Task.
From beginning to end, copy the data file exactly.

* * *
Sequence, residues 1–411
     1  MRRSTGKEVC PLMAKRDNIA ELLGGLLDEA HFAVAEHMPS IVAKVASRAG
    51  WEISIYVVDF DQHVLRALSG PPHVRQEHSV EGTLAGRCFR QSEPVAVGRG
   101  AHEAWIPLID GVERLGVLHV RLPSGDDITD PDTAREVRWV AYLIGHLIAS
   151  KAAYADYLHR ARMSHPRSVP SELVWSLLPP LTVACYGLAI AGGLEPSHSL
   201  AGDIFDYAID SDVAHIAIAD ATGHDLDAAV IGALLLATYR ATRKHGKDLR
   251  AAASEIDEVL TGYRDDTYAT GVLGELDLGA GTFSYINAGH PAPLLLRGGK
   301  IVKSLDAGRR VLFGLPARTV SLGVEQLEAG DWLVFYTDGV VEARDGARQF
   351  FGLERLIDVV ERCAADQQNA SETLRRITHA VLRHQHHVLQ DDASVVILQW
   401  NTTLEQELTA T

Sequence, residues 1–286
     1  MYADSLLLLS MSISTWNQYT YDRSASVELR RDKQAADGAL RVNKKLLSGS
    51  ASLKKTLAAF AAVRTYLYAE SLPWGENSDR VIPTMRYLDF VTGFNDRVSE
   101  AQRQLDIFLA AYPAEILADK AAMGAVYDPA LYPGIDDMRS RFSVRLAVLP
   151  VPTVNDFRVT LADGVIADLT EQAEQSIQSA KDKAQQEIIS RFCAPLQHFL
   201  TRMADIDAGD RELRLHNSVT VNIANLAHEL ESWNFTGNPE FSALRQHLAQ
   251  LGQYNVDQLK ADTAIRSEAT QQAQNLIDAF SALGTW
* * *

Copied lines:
Sequence, residues 1–411
     1  MRRSTGKEVC PLMAKRDNIA ELLGGLLDEA HFAVAEHMPS IVAKVASRAG
    51  WEISIYVVDF DQHVLRALSG PPHVRQEHSV EGTLAGRCFR QSEPVAVGRG
   101  AHEAWIPLID GVERLGVLHV RLPSGDDITD PDTAREVRWV AYLIGHLIAS
   151  KAAYADYLHR ARMSHPRSVP SELVWSLLPP LTVACYGLAI AGGLEPSHSL
   201  AGDIFDYAID SDVAHIAIAD ATGHDLDAAV IGALLLATYR ATRKHGKDLR
   251  AAASEIDEVL TGYRDDTYAT GVLGELDLGA GTFSYINAGH PAPLLLRGGK
   301  IVKSLDAGRR VLFGLPARTV SLGVEQLEAG DWLVFYTDGV VEARDGARQF
   351  FGLERLIDVV ERCAADQQNA SETLRRITHA VLRHQHHVLQ DDASVVILQW
   401  NTTLEQELTA T

Sequence, residues 1–286
     1  MYADSLLLLS MSISTWNQYT YDRSASVELR RDKQAADGAL RVNKKLLSGS
    51  ASLKKTLAAF AAVRTYLYAE SLPWGENSDR VIPTMRYLDF VTGFNDRVSE
   101  AQRQLDIFLA AYPAEILADK AAMGAVYDPA LYPGIDDMRS RFSVRLAVLP
   151  VPTVNDFRVT LADGVIADLT EQAEQSIQSA KDKAQQEIIS RFCAPLQHFL
   201  TRMADIDAGD RELRLHNSVT VNIANLAHEL ESWNFTGNPE FSALRQHLAQ
   251  LGQYNVDQLK ADTAIRSEAT QQAQNLIDAF SALGTW